On paper, early May is when Florida students and teachers return to their classrooms after weeks of learning at a distance. That’s the latest recommendation from education commissioner Richard Corcoran.
But, without a reliable estimate for when the coronavirus will hit its peak as it spreads across the state, any talk of a reopening date is speculation. Many colleges and universities have already decided not to reopen their buildings until August at the earliest.
That leaves school districts in Tampa Bay without much to go on as they plan events like proms and high school graduations for the Class of 2020. But that hasn’t stopped school officials from discussing alternatives. Here’s a look at what’s on the table as they plan for the worst and hope for the best:
School district leaders have been moving cautiously when it comes to graduations at Hillsborough’s 27 public high schools, its special education centers and alternative schools.
The posted schedule begins with Chamberlain High School’s Class of 2020 to walk at 4 p.m. May 21 at the Florida State Fairgrounds, followed by three to four schools scheduled every day after that through May 30.
While there has been talk of canceling or postponing, superintendent Addison Davis told Tampa Mayor Jane Castor in an online interview Monday that “I’m just not willing to do it now. Until we can’t do it, it’s on.”
Some families of graduating seniors received surveys asking their opinions. A district committee is considering these four options: Conduct graduations as original planned, assuming school resumes on May 1; reschedule graduations from July 6 through July 22, assuming the fairgrounds facility is not available for use in June; hold all graduations in late summer at selected schools as an alternative to the fairgrounds; or hold graduations virtually in late summer with senior pictures displayed on a webcast when the students’ names are called.
Spokewoman Tanya Arja said the district has told all seniors that proms are postponed, but graduations are still considered to be on schedule.
“While this is the plan today," she said, "everyone must understand the national landscape and remain flexible, knowing this is an evolving situation.”
The school district has canceled all events, including proms, scheduled through May 1, said spokeswoman Isabel Mascareñas. Proms at Lakewood High, Dunedin High and East Lake High are scheduled after that, and it will be up to each school’s principal whether the dances happen.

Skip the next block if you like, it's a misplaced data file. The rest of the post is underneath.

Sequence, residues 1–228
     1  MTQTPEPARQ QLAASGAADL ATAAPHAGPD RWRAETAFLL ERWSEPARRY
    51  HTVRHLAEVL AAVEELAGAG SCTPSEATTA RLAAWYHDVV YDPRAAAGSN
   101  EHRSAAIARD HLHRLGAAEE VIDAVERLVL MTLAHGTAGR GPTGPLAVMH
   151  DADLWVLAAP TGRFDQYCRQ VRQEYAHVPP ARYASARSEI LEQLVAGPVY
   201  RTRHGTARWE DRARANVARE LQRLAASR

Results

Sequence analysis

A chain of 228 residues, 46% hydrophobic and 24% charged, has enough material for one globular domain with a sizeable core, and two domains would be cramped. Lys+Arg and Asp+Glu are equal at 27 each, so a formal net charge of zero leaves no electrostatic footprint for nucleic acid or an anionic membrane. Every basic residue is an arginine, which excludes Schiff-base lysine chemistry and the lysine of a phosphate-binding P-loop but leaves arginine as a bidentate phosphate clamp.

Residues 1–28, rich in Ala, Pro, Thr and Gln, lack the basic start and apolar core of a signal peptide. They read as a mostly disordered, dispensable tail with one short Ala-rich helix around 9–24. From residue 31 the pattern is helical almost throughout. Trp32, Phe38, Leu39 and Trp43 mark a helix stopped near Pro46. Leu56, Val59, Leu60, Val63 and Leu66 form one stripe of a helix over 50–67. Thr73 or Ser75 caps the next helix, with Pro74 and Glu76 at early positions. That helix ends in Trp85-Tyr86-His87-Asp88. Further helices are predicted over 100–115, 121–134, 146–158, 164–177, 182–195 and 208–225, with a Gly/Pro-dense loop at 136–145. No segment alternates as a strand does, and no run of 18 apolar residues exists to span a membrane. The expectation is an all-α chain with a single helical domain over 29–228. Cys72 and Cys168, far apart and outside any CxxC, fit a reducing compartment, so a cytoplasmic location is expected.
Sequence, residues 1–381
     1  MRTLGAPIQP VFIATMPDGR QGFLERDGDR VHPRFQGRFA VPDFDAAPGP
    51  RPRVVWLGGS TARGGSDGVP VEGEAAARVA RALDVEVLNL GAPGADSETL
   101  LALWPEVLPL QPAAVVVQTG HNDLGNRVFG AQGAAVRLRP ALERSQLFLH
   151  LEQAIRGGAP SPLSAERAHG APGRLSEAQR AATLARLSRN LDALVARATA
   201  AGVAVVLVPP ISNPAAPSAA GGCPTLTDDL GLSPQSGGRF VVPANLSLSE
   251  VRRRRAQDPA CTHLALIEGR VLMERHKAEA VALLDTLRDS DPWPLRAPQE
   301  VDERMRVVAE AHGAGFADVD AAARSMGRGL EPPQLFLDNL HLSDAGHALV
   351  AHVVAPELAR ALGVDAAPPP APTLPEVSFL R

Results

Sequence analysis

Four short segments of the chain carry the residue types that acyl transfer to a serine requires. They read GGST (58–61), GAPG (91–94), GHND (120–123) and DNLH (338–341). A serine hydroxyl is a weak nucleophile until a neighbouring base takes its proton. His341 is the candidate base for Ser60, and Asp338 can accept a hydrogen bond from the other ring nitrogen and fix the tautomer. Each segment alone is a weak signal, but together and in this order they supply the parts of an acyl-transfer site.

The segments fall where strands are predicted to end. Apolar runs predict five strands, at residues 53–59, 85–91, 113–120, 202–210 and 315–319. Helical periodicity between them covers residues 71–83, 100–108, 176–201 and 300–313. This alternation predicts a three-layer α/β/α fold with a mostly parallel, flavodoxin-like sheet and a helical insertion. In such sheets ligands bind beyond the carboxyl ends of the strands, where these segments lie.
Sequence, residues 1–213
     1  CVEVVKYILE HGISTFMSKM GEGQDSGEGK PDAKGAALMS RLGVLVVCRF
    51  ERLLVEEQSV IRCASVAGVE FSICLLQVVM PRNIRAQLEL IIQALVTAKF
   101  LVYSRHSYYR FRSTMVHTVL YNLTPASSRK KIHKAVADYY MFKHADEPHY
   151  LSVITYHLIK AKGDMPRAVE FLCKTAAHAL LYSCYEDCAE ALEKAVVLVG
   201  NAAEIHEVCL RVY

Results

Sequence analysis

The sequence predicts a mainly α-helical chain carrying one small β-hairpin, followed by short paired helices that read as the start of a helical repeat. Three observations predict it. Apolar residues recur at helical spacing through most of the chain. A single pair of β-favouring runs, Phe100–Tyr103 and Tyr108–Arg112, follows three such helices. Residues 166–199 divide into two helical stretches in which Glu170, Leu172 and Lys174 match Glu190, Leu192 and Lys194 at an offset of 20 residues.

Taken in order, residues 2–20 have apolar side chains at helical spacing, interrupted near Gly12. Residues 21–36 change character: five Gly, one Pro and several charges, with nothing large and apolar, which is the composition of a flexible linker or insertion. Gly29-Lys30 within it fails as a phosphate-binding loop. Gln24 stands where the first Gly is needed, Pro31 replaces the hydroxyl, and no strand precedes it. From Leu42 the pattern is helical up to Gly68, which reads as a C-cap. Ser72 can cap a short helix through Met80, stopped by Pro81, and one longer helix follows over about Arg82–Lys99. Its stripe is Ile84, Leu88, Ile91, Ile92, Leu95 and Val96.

No decision has been made about high school graduations in Pinellas, Mascareñas said. But district leaders are “looking at alternatives” should the state extend the safer-at-home order, which runs through April 30. She declined to elaborate on those plans.
It appears the Pasco district has made no decision on graduation. Several schools have rescheduled “Grad Bash” type events at theme parks into later in May.
“We are hoping students can return May 4,” said Zephyrhills High principal Christina Stanley. "We are currently continuing with plans for prom May 30 and graduation in June. All plans are subject to district and state updates.” She said she wasn’t sure about a location for the graduation.
Fivay High principal Jason Joens said Pasco high school principals met virtually on Zoom and decided “we want to be consistent with the way that all Pasco high school seniors are being recognized this year.”
Assistant superintendent Monica Ilse put out this YouTube video in late March explaining where the district was at that time, and it has not been updated. She said the district’s goal is to have all seniors completing their coursework by May 24. She also said graduations are scheduled as usual, and “if something does change we will communicate with you.”
Ilse told the School Board Tuesday that all Grad Bash events have been canceled, adding that “we have moved prom to the end of May ... and at this point we do have graduation still scheduled for June.”
The school system has canceled all district-sponsored events except high school graduations through the remainder of the school year. This includes field trips, athletic events, award ceremonies and proms.
A letter sent to parents March 27 said the decision was made based on recommendations by health officials. District leaders are waiting to make a call about graduations because they are “such important milestones,” said spokeswoman Karen Jordan.“We are waiting to make that decision until we are certain there is no safe way to move forward.”
Times staff writers Megan Reeves, Marlene Sokol and Jeffrey S. Solochek contributed to this report.
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